Designing with diversity and inclusion in mind adds real value
One of the areas that’s gaining momentum is the concept of Diverse and Inclusive (D&I) Design, which incorporates and considers the diversity of a project’s workforce, workplace, and community right from the planning stages. It’s a notion that’s beginning to take hold in some of the industries that we work in, such as mining, but one that has been well under way in other industries as a way to unlock much-needed resources. Take for example Porsche, which modified their production lines to make working easier for Germany’s aging workforce.
We see tremendous potential in D&I Design and we have started by updating many of our internal work procedures and workflows, thus giving our project teams tools to ensure they consider D&I during the design phase.
I recently had an opportunity to host a collaborative D&I Design workshop with our clients where we shared ideas around the potential of D&I Design and the impact on our businesses and workforces. I left inspired to continue this work and wanted to share my key takeaways.
It makes good business sense for a company to demonstrate social responsibility and corporate best practices by incorporating D&I Design measures.
Why D&I Design is increasingly being brought to the forefront
For many large corporations, it’s no longer appropriate to design equipment and facilities the way they used to 20 years ago, because today they don’t meet the requirements of most workers. For example, we see more women working in roles that were previously looked upon as non-traditional jobs.
It’s important to consider diversity and inclusion early in the design phase of a project and consider the various aspects of the project’s diverse workforce—age, race, gender, ability, economic status, and culture. When you consider these factors early in the planning phase, you can save business time and costs, create a safer environment, and possibly avoid retrofitting equipment or facilities later. It also makes good business sense for a company to demonstrate social responsibility and corporate best practices by incorporating D&I Design measures.
How incorporating diversity and inclusion can lead to opportunities
Designing a facility that is inclusive to all could impact the financial viability of the project, so we have developed a model to help stakeholders prioritize and make decisions based on value. Depending on the scenario, a business could realize reduced turnover, increased productivity, improved recruitment and community engagement, and enhanced safety. Various “benefits” are quantified and used as an input to the model. The output is a list of opportunities, prioritized with a return on investment (ROI). Although the model is quite simple, the challenge is determining the potential benefits for the various scenarios.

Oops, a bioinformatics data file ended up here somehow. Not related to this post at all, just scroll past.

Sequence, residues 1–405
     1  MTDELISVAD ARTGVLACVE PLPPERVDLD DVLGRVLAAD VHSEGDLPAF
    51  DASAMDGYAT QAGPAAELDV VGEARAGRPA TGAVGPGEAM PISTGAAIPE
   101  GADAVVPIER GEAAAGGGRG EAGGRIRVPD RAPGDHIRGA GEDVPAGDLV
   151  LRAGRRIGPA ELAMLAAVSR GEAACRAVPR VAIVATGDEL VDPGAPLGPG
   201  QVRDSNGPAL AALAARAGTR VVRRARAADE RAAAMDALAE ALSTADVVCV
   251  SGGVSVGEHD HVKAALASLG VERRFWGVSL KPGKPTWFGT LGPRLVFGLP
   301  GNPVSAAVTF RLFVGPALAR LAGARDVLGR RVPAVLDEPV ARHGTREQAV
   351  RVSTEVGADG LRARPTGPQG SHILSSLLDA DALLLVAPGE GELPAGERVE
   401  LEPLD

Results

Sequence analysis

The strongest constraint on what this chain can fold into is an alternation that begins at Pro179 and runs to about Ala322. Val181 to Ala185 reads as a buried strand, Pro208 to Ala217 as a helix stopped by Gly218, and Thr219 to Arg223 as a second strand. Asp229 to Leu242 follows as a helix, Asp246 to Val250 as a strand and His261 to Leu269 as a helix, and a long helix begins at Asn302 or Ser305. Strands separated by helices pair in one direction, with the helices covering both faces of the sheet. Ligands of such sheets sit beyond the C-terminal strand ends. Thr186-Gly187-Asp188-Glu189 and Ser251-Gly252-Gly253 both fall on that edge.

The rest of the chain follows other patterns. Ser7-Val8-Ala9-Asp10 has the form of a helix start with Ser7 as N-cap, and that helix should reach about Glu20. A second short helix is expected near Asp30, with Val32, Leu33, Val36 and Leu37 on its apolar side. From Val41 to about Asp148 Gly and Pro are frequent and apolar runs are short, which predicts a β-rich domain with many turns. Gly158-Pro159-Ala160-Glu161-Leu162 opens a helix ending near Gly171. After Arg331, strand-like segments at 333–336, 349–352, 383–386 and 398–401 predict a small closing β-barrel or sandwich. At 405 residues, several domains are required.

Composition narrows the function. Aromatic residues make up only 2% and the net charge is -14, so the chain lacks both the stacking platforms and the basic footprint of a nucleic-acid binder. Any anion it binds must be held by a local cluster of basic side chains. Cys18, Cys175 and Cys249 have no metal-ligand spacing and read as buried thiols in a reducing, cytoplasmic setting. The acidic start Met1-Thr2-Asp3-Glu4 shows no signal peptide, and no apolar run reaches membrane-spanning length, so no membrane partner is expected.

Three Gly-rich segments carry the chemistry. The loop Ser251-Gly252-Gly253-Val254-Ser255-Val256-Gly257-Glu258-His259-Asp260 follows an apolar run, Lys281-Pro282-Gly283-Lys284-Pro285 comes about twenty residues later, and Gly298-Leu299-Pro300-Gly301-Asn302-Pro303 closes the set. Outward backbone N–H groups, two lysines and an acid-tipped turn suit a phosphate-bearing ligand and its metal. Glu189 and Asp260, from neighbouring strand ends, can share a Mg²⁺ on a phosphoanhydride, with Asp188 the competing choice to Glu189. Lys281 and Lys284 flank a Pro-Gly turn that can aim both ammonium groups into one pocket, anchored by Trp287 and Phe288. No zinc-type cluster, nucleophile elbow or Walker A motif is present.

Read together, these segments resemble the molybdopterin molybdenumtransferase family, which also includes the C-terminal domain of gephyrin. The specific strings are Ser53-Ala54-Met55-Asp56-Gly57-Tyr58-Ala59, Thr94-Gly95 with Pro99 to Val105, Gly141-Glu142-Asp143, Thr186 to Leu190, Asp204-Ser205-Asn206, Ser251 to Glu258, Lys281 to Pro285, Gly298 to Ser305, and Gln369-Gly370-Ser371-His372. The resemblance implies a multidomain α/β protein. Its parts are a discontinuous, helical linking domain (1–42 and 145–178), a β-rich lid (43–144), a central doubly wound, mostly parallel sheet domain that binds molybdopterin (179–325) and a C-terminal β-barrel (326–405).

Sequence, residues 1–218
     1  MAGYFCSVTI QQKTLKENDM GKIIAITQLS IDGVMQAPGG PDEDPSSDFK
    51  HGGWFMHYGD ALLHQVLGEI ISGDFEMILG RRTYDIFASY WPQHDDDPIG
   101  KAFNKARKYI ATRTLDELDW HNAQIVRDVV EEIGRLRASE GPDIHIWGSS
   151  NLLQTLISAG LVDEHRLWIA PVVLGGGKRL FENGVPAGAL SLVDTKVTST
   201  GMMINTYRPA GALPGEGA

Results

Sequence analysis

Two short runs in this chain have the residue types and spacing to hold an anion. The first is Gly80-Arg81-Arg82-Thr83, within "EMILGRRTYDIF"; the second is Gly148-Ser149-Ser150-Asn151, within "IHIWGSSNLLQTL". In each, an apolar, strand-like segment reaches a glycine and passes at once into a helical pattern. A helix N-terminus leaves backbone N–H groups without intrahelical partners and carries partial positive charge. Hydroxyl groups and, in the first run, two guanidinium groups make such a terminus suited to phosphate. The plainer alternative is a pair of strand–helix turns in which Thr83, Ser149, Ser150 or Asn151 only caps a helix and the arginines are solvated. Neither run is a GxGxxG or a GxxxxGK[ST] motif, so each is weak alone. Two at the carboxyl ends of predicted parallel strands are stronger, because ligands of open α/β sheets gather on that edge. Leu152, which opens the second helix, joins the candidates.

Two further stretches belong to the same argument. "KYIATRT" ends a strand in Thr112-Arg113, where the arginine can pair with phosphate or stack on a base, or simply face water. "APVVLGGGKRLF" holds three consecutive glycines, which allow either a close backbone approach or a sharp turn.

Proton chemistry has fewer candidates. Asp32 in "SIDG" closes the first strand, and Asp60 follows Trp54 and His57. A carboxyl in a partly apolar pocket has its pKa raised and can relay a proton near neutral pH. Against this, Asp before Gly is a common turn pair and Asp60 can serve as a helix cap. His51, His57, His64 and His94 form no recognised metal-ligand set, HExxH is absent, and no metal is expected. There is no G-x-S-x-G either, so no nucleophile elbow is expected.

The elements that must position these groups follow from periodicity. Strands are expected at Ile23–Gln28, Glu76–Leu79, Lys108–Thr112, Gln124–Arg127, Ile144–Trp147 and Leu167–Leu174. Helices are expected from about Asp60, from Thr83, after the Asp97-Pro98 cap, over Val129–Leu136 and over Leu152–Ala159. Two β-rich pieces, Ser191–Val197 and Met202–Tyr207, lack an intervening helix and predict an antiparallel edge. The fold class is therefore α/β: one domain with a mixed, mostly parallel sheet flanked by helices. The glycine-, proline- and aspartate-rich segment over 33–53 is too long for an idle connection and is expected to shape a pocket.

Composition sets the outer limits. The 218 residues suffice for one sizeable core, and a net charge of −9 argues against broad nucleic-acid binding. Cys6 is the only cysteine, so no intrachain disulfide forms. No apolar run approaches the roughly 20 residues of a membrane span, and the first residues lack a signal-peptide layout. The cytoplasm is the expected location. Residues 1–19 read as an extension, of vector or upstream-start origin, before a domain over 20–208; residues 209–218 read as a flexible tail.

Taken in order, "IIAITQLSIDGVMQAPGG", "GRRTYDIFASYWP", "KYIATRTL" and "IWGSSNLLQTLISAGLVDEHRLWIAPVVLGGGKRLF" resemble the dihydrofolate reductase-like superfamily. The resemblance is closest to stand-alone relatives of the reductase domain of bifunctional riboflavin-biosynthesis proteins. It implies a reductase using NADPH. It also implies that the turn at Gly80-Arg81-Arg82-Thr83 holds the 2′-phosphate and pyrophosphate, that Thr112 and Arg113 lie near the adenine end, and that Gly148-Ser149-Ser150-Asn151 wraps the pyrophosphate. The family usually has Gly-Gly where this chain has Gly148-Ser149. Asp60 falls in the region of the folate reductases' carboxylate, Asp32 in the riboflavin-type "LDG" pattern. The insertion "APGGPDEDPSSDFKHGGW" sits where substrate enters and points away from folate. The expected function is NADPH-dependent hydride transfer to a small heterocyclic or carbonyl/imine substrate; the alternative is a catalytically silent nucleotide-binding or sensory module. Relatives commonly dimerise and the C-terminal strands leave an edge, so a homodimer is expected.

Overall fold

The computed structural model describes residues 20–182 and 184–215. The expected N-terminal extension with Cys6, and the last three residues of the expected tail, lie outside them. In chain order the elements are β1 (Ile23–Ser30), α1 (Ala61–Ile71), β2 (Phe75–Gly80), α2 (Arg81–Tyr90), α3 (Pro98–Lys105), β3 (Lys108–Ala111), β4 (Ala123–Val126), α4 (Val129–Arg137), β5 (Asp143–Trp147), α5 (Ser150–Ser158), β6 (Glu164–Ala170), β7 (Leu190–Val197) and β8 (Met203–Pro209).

Our clients recognize the benefits of investing their time and resources in D&I Design measures; at the same time, they’re trying to understand the people, issues, and communities in which their projects are being developed.
One example discussed was a business in Australia who had modified its entire workshop by suspending certain tools from the ceiling because they were too heavy for workers to lift. These changes led to improved safety statistics.
One workshop participant described a recent project where they engaged the community early to provide input on the camp requirements. “It was amazing to see the ownership it brought to the project,” he said. “It’s really pleasing when you can have a positive influence on all levels of the operation, not just the grinding or comminution circuit or the mining phases.”
Building plant designs and control systems that will work for people with different needs, educational backgrounds and skill sets was also discussed. One company redesigned their human machine interface (HMI) screens in greyscale to allow color blind operators to see the alarms and other critical data. These adjustments were made with minimal cost to the project but added maximum value to the ramp up and overall maintenance of the operations.
How you can consider D&I Design
Here are some steps to consider when using D&I Design:
1. Collect and brainstorm ideas early.
2. Actively identify and consult with the right people—those who have experience in a particular region or have knowledge of a specific user group.
3. Remove barriers by ensuring a safe environment for all the team to provide input.
4. Ensure a “design for all” and not just the majority.
5. Create a design that benefits the end user, not the designer.
6. And finally, incorporate lessons learned as you go to continuously improve this process.
The possibilities of D&I Design are vast, but from my discussions with some of our clients, a few opportunities and considerations have been identified:
- Make decisions at the appropriate time. Engagement with stakeholders for scope decisions requires considerations very early in the project development. Design development opportunities should be made throughout the project (layout optimization, for example)
- Use technology to our advantage. Leverage digital project delivery for training and communication and technology to improve working conditions (automated underground loaders)
- Consider future workforce early. What do you want the future workforce to look like (organizational design) and how does the design ensure your vision is met?
Managing Director, Engineering Delivery
As the managing director for engineering delivery at Hatch, Laura is responsible for successful engineering project outcomes for our global engineering services. Laura is a mechanical engineer with an undergraduate degree from the University of Texas at Austin, Texas, USA and a master’s degree in engineering from McMaster University, Hamilton, Canada.